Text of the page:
Jazz Musicians, Age 13-17, Sought For Camp
An intense, five-day study of jazz music awaits everyone 13 to 17 years old with either one-to-two years’ experience on an instrument, or who hopes to someday sing the blues.
The Twin Cities Youth Jazz Camp is the brainchild of longtime jazz musician Bernie Edstrom, New Hope, and was born of his desire to expose young people to jazz.
With the help of sponsorships and donations, the camp gives every youth a chance to attend – especially those in undeserved populations.
Nobody will be turned away for a lack of ability to pay the suggested $150 donation, Edstrom said. Plenty of full or partial scholarships are available, and lunch will be served every day at no extra charge.
Set for June 9 to 13 at FAIR School in Crystal, the Twin Cities Youth Jazz Camp features an impressive array of jazz musicians – experts known to those who know local jazz – to teach the classes.
They include Debbie Duncan, teaching vocals; Dave Hagadorm, vibes and drum; Dean McGraw, guitar; Irv Williams, saxophone; Eric Gravatt, drums; Ron Evenuik, bass; Michael Lewis, saxophone; Greg Lewis, trumpet and trombone; Greg Keel, saxophone and flute; Phil Holm, trumpet and trombone; and Alicia Wiley, piano.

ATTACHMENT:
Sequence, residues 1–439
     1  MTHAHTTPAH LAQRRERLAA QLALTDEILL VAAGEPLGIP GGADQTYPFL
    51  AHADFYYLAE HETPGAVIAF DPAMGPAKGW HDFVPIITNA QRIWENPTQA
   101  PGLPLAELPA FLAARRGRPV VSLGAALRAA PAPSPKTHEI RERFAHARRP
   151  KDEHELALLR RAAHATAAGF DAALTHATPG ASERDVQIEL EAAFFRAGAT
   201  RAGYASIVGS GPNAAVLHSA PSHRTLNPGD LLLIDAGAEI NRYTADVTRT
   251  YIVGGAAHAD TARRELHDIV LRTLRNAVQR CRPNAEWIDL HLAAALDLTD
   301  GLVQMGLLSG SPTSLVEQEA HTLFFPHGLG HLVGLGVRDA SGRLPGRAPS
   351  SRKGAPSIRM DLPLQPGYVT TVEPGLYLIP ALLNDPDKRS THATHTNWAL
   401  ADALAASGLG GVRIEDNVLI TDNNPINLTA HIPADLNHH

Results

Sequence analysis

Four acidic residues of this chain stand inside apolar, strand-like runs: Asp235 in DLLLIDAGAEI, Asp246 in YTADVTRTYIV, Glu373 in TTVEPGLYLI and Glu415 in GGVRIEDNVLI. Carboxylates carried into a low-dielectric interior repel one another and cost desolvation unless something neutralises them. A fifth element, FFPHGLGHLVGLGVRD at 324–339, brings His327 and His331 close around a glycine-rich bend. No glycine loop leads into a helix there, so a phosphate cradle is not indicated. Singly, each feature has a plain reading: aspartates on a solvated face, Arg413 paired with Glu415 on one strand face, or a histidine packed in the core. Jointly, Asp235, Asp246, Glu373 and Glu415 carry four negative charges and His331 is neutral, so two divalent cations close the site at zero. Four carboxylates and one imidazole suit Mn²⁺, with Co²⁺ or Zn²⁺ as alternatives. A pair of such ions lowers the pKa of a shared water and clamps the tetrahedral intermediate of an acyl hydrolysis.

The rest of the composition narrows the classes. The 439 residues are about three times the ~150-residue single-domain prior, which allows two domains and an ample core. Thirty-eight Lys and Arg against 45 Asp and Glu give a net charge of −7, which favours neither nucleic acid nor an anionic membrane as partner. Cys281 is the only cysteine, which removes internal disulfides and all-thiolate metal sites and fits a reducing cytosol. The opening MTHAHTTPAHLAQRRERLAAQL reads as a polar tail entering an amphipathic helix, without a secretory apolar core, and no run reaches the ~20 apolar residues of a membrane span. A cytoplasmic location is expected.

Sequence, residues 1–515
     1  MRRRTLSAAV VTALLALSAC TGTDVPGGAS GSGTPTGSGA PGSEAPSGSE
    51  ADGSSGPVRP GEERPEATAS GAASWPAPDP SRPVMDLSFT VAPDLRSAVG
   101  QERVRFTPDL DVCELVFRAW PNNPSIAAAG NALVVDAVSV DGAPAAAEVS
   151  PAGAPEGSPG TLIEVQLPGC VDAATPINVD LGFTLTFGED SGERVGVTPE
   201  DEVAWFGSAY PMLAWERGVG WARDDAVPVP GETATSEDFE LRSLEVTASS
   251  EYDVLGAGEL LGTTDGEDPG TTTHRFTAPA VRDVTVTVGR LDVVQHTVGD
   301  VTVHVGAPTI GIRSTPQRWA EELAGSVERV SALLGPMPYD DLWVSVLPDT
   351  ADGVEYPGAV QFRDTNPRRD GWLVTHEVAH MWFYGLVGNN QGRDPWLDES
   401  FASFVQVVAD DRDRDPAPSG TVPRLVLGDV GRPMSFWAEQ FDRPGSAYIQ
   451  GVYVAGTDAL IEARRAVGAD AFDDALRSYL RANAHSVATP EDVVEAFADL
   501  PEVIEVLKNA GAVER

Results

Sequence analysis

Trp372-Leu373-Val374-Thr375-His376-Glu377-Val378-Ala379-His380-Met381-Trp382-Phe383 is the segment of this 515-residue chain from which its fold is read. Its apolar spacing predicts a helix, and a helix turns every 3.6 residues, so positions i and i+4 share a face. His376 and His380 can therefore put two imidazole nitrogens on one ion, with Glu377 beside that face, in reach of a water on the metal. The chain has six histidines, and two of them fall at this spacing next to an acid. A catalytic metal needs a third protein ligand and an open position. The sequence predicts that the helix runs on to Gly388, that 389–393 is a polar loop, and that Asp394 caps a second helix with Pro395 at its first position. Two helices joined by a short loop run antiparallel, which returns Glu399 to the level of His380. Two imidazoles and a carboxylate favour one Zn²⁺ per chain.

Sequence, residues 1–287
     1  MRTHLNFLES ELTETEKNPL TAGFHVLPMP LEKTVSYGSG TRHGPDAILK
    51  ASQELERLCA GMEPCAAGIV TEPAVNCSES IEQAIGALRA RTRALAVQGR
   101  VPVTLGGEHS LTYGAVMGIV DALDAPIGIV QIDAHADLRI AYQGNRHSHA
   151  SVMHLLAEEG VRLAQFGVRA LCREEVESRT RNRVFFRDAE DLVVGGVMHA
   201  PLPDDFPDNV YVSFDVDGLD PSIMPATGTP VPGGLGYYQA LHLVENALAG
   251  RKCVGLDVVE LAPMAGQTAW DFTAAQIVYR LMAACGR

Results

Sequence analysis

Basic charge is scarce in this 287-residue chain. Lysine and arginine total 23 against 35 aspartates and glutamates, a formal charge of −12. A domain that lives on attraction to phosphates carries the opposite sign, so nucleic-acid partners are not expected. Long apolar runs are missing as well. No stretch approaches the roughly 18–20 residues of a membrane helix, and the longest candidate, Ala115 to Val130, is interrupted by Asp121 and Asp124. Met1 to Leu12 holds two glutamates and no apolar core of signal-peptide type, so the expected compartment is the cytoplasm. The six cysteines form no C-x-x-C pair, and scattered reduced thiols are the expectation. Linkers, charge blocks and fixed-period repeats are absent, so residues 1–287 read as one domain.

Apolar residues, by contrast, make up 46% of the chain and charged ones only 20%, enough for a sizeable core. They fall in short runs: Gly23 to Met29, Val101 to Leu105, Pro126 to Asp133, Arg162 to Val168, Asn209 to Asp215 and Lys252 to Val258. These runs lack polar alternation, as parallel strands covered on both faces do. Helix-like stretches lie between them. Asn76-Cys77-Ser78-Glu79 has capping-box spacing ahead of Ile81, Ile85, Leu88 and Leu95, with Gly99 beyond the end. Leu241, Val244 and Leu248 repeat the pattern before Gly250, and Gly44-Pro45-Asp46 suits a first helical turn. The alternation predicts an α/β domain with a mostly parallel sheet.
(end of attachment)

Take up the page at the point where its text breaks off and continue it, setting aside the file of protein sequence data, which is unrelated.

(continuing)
Edstrom will join the instructors and teach students on the trumpet.
“It’s a comprehensive camp,” Edstrom said. “To teach kids about jazz, rhythym, playing in small groups, how to take rhythms and notes from music, ear training …”
Students will learn how to play music heard on the radio and recordings, a technique that jazz masters have used for decades.
“That’s the way you want to learn jazz anyway,” Edstrom said.
Each day, students will practice and study ear-training, jazz rhythm concepts and working in ensembles; and the socio-political history of jazz will be an integral part of the camp throughout the week.
A Boston native, Edstrom has played with various groups around the Twin Cities for 25 years. On an annual trip home he conducts a youth jazz camp in Massachussetts every summer, he said.
One of the most inspiring outcomes of the camps, he said, is greater than simply teaching students to learn to play and love jazz music. It happens when kids from different backgrounds discover how alike one another they really are.
Edstrom described the transformation of students throughout the week, at first strangers, then youths who have something in common, and finally emerging with fast friends.
“They are communicating together through music,” Edstrom said. “They start to realize that everybody is pretty much the same.
“There’s no color in music,” he added. “With music, a fear of strangers or different races dissipates.”
The jazz camp is enhanced by the diversity of the teaching staff, which includes men and women, white and black, young and old, Edstrom said.
“Even though it’s only a week, it sends a message,” he said. “Equality.”
Anyone interested in the Twin Cities Youth Jazz Camp is asked to call Bernie Edstrom at 763-542-8880. The deadline for application is May 15.
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